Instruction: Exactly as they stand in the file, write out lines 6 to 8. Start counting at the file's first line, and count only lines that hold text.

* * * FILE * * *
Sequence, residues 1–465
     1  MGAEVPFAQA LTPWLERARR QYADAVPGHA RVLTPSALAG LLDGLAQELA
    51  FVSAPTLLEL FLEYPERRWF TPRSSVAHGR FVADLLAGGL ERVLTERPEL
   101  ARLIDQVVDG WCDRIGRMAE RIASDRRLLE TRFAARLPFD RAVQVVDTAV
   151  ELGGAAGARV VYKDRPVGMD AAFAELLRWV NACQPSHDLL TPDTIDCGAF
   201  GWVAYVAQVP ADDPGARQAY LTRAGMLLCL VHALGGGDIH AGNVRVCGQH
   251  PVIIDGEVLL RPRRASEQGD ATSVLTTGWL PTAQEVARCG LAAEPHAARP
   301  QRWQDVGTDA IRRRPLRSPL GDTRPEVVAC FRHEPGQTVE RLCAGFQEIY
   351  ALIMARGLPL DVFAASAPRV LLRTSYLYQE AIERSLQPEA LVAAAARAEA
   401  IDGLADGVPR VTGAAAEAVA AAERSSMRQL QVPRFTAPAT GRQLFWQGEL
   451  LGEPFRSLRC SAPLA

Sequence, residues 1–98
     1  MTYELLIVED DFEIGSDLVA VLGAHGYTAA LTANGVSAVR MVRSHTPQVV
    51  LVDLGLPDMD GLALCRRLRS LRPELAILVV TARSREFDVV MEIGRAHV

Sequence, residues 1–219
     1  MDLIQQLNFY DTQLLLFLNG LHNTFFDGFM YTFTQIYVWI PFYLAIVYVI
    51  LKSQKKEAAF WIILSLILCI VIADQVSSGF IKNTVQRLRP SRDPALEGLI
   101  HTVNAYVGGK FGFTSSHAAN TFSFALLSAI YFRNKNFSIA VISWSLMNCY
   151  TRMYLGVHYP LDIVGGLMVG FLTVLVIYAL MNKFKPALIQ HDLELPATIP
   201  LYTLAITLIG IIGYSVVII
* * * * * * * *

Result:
   201  GWVAYVAQVP ADDPGARQAY LTRAGMLLCL VHALGGGDIH AGNVRVCGQH
   251  PVIIDGEVLL RPRRASEQGD ATSVLTTGWL PTAQEVARCG LAAEPHAARP
   301  QRWQDVGTDA IRRRPLRSPL GDTRPEVVAC FRHEPGQTVE RLCAGFQEIY